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Civil Procedure — reconsideration

United States Court of Appeals For the Seventh Circuit


Civil Procedure — reconsideration

FRCP 6(d) does not extend the deadline for filing FRCP 59(e) motions.

“On appeal Williams contends that the district court erred in evaluating his post-judgment motion under Rule 60(b). But we have established a bright-line rule that any motion for reconsideration filed after the deadline must be construed as a motion to vacate. See Justice v. Town of Cicero, Ill., 682 F.3d 662, 663–65 (7th Cir. 2012); Kiswani v. Phoenix Sec. Agency, Inc., 584 F.3d 741, 742–43 (7th Cir. 2009). Williams insists that he had three extra days to ask for reconsideration because he received the dismissal by mail, see FED. R. CIV. P. 6(d), but that rule enlarges the filing time only when the period for acting runs from the service of a notice, not when the time begins after the entry of judgment, as it did here. See McCarty v. Astrue, 528 F.3d 541, 545 (7th Cir. 2008); Johnson v. McBride, 381 F.3d 587, 589 (7th Cir. 2004). We now join every circuit that has ruled on this precise issue and conclude that Rule 6(d)—formerly Rule 6(e)—does not extend the deadline for Rule 59(e) motions. See Jackson v. Crosby, 375 F.3d 1291, 1296 (11th Cir. 2004); Albright v. Virtue, 273 F.3d 564, 571 (3d Cir. 2001); Arnold v. Wood, 238 F.3d 992, 995 n.2 (8th Cir. 2001); Halicki v. La. Casino Cruises, Inc., 151 F.3d 465, 467–68 (5th Cir. 1998); Parker v. Bd. of Pub. Utils. of Kansas City, Kan., 77 F.3d 1289, 1290–91 (10th Cir. 1996); Derrington-Bey v. D.C. Dep’t of Corr., 39 F.3d 1224, 1225–26 (D.C. Cir. 1994); Flint v. Howard, 464 F.2d 1084, 1087 (1st Cir. 1972). Thus the judge properly considered the motion under Rule 60(b) and did not abuse his discretion in denying it. Relief under Rule 60(b) is limited to grounds specified in the rule or to extraordinary circumstances, see Mendez v. Republic Bank, 725 F.3d 651, 657 (7th Cir. 2013); Stoller v. Pure Fishing Inc., 528 F.3d 478, 480 (7th Cir. 2008), none of which Williams established. Although he argues that the district court erred by dismissing his suit with prejudice for failure to prosecute when it could have dismissed without prejudice for lack of service, see FED. R. CIV. P. 4(m), a court has the discretion to dismiss for want of prosecution if the plaintiff’s delay in obtaining service is so long that it signifies failure to prosecute, see O’Rourke Bros. Inc. v. Nesbitt Burns, Inc., 201 F.3d 948, 953 (7th Cir. 2000); Powell v. Starwalt, 866 F.2d 964, 966 (7th Cir. 1989); Dewey v. Farchone, 460 F.2d 1338, 1340–41 (7th Cir. 1972). Williams had not served any of the defendants more than 16 months after filing suit, four times the normal limit for service of process. See FED. R. CIV. P. 4(m); Cardenas v. City of Chicago, 646 F.3d 1001, 1004–05 (7th Cir. 2011).”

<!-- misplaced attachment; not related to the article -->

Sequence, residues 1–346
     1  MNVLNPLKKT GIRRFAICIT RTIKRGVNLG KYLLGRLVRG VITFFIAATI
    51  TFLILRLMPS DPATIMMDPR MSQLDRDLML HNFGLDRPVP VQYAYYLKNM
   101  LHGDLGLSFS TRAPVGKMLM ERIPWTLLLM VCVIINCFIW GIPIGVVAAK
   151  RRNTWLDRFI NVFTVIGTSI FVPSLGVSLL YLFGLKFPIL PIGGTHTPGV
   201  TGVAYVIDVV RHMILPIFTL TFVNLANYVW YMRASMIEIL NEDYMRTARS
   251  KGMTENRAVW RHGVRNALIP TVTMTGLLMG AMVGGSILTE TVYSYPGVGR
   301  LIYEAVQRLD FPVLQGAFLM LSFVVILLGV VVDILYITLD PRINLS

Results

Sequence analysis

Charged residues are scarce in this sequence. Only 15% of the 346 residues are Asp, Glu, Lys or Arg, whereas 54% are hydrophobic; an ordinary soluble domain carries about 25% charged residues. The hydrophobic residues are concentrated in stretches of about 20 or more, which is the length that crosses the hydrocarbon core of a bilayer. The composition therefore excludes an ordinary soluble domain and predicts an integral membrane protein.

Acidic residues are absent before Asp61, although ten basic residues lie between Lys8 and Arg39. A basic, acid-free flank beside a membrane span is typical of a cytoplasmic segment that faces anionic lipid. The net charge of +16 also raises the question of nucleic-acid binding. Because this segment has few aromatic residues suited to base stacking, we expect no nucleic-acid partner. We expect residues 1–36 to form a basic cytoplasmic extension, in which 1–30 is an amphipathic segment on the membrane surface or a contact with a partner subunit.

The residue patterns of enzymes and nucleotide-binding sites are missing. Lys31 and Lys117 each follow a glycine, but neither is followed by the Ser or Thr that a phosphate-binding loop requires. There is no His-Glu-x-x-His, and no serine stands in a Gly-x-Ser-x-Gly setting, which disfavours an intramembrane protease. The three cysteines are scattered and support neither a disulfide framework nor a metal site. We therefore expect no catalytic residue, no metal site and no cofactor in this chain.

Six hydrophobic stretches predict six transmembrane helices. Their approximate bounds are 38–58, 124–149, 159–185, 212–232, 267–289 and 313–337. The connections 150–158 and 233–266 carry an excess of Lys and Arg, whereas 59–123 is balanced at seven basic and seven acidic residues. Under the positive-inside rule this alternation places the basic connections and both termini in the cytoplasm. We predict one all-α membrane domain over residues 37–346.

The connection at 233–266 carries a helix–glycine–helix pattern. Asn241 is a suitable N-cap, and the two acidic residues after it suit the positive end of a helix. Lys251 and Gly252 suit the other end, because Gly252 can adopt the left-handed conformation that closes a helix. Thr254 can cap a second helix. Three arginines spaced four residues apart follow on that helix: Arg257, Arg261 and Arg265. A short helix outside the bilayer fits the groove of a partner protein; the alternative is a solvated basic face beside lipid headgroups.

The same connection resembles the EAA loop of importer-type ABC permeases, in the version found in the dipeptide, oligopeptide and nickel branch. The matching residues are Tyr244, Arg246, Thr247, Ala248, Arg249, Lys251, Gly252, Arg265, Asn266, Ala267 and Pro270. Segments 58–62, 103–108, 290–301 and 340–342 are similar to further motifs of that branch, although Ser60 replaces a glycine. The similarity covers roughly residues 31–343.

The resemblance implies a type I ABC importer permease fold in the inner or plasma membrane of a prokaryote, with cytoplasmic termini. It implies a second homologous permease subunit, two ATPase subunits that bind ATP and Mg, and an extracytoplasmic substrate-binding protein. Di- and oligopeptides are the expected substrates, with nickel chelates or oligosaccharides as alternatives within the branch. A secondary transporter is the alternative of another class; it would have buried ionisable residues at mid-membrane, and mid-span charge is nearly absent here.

13-2652 Williams v. State of Illinois

Appeal from the United States District Court for the Central District of Illinois, McDade, J., Per Curiam.

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